HIV and Maternity in Pernambuco

May 11, 2009

The housewifre P.J.S, thirty-five years old, born in Recife, northeastern state of Pernambuco, could not imagine that the happiness attached to having a baby could become a judicial nightmare.

When fnding out she was pregnant of her second child, in 2003, she took all medical pre-natal care. She did all blood tests, including the HIV reagent. The doctor at Maternity Barros Lima, northern area of the city, assured her she had nothing to worry about.

The child had a normal birth delivery. Two months later, to a complete surprise, the tests came back with the news that both her and the baby were HIV positive.

Ms Kariana Guerios, attorney of Gestos, who is following the case, says this is one of four similar cases in the Juridical Counseling department of the institution. She points to the fact that prevention of mother to child transmission is still failing in the health system and that this is somewhat frequent. “For the lack of appropriate assistance, my client was told to breast feed, what is completely inappropriate for HIV positive mothers for raising the risk of the baby getting infected. But fortunately such cases are becoming more rare,” explains Ms Guerios.

The attorney filed a case of moral damage and negligence against the County in the Civil Court, asking for a pension for the child because the mother has no financial condition for the treatment and care. “They are poor. It is necessary to try and repair a damage the municipal competence because this child, that could have been born healthy, was infected with HIV because of a sloppy pre-natal.”

Data from the report of monitoring the goals of the United Nations General Assembly Special Session on AIDS – UNGASS-AIDS – in sexual and reproductive health, prepared by the UNGASS-AIDS Forum Brasil, in 2008, shows that, despite the government’s efforts, reducing “vertical transmission” or PMTCT has a wide regional fluctuation in both care and eduction.

Based on the Plan for Preventing Mother to Child Transmission of HIV and Sifilis of the Ministry of Health, 2007, there is a 0,41% prevalence of HIV infections in mothers. There is an estimate of 12,456 newborns are exposed to HIV yearly. The transmission rate of HIV from mother to child, when the treatment intervention with prophylaxis is not done, reaches about 25% of newborns of HIV+ mothers, but it can lower to one or two percent with the application of the necessary measures during pre-natal care, delivery and post-delivery procedures. Such interventions are: the use of anti-retroviral medicines starting at the fourteenth week of gestation; use of injected AZT during labor; perform cesarian section when advisable; give oral AZT to the newborn exposed to HIV from birth to forty-two days and do not breast feed, use mild substitute instead.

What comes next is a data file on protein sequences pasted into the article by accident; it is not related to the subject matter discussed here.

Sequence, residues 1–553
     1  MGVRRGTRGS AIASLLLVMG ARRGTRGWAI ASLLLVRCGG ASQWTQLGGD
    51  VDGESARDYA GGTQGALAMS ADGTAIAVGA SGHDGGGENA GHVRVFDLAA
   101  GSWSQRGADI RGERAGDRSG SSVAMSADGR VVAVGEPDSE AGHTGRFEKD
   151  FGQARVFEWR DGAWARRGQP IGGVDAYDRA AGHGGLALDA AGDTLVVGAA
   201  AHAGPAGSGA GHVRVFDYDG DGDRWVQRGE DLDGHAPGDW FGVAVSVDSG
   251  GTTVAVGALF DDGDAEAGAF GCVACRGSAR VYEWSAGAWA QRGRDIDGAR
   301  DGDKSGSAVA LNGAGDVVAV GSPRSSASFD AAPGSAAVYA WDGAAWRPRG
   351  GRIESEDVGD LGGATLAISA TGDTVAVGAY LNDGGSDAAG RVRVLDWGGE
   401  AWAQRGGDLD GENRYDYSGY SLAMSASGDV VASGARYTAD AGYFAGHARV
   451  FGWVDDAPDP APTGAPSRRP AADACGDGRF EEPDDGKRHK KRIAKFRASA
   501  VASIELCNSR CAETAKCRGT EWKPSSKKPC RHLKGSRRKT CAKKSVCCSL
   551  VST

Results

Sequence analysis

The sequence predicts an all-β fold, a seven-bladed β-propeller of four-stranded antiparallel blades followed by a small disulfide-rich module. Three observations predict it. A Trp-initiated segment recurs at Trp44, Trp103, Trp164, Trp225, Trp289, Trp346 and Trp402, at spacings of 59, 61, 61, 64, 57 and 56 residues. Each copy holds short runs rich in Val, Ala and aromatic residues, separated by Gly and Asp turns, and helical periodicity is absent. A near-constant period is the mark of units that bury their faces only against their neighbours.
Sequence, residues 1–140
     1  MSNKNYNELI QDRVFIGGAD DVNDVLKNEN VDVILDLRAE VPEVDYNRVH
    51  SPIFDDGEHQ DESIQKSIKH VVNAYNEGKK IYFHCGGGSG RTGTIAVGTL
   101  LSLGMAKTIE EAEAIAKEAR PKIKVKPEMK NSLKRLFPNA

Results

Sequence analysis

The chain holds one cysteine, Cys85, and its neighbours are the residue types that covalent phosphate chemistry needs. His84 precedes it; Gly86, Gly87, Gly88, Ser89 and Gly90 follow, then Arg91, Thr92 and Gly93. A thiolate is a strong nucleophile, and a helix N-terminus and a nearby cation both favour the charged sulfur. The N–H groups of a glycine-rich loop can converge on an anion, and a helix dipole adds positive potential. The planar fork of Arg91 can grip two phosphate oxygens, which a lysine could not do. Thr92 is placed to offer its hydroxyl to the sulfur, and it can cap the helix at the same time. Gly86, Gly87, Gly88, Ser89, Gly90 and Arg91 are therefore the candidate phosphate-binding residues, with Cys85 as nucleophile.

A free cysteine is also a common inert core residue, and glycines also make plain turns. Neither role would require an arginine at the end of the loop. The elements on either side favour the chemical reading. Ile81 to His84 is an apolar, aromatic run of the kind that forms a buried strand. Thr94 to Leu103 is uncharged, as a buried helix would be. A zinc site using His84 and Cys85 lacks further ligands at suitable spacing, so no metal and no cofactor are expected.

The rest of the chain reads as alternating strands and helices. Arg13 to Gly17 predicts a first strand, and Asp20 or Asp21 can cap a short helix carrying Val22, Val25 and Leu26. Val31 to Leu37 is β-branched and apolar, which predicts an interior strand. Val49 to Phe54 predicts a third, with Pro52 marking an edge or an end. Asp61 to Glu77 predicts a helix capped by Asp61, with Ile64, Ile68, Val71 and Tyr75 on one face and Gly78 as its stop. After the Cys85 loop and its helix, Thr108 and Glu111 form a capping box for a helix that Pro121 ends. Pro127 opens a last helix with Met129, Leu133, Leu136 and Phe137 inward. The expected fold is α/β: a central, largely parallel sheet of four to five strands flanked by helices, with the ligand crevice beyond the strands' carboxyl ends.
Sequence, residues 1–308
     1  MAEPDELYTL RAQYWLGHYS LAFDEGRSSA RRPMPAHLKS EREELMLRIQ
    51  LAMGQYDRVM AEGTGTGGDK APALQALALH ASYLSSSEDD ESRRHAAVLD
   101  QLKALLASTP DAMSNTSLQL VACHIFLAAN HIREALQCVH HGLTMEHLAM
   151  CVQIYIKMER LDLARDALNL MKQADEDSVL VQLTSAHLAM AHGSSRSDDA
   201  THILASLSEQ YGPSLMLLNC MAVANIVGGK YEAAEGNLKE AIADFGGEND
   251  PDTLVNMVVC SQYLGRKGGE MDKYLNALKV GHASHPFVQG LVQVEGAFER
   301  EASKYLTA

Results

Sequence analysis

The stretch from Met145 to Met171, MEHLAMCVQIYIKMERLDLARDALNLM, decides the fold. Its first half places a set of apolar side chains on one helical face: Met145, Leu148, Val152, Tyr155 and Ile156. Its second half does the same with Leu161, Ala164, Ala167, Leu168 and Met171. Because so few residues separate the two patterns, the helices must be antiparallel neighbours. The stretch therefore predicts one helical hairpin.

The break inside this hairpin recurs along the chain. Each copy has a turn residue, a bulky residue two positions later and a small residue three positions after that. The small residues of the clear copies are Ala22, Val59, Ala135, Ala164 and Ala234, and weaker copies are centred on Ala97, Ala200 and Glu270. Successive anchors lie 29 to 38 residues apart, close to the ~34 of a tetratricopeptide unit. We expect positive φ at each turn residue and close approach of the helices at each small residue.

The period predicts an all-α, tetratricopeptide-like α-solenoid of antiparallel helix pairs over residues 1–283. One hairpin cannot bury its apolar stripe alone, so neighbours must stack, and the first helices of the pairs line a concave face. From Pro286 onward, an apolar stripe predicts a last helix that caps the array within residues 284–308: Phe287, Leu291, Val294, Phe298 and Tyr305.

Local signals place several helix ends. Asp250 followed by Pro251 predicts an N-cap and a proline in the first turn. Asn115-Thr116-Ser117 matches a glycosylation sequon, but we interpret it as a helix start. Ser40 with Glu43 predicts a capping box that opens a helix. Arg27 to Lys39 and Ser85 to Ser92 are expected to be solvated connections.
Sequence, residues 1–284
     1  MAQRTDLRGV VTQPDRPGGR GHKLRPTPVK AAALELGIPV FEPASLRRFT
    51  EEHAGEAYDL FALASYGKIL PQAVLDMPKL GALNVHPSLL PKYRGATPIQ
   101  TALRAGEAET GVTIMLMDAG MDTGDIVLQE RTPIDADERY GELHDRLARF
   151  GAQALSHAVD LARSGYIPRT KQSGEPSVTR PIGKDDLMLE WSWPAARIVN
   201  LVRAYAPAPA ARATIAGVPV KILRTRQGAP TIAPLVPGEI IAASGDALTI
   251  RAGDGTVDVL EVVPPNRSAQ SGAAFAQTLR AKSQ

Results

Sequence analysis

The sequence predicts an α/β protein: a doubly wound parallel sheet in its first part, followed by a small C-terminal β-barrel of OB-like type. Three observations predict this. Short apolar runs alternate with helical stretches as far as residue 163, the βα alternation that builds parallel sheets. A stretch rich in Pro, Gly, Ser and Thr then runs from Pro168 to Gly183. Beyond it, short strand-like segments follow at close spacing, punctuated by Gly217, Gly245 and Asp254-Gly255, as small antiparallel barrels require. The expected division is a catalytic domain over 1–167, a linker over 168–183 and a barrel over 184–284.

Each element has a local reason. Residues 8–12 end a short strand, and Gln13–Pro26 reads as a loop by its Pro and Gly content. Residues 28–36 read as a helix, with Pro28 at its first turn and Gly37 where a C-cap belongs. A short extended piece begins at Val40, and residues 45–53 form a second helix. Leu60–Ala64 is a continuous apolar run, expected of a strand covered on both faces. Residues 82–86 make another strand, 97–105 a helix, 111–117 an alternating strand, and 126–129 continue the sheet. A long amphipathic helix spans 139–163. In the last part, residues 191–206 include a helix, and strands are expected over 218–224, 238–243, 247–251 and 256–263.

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Sexual and Reproductive Health and the ICPD+15

May 11, 2009

Between 30 March and 03 April, the United Nations held in New York the 42nd Session of the Commission of Population and Development (ICPD+15.) After a week of debates, the government heads present confirmed the Cairo Action Plan and broadened the reach of the International Conference for Population and Development, held in Cairo in 1994, fifteen years ago, hence ICPD+15.

The resolution the Commission reached in 2009 advanced in the sense of proposing more inter-sectorial approach for AIDS and sexual and reproductive health policies, recognizing the rights of the youth and adolescent populations and, even without citing reproductive rights, strengthening the issue as something to be present in the policies for population and development.

Other important aspects were the specific reference to the assurance of the human rights and the confrontation of stigma and discrimination of people living with HIV/AIDS; the confirmation of the commitments made at UNGASS-AIDS and the affirmation that sexual and reproductive health must be contemplated in the strategic national policies for preventing the spread of HIV and for caring for the people living with HIV (see paragraphs 16, 17, 18, and 19.) In the three months prior to the session, Gestos was active in many discussion groups about Cairo+15 and participated in the elaboration of the Latin American civil society shadow report, organized by the National Feminist Health Network, that, among other themes, focused on sexual and reproductive health of women, violence against women, and the feminization of the HIV/AIDS epidemic. According to Ms Alessandra Nilo, Gestos’ representative in the ICPD+15 Brazilian delegation, “civil society’s presence was fundamental for advancing the commitment.”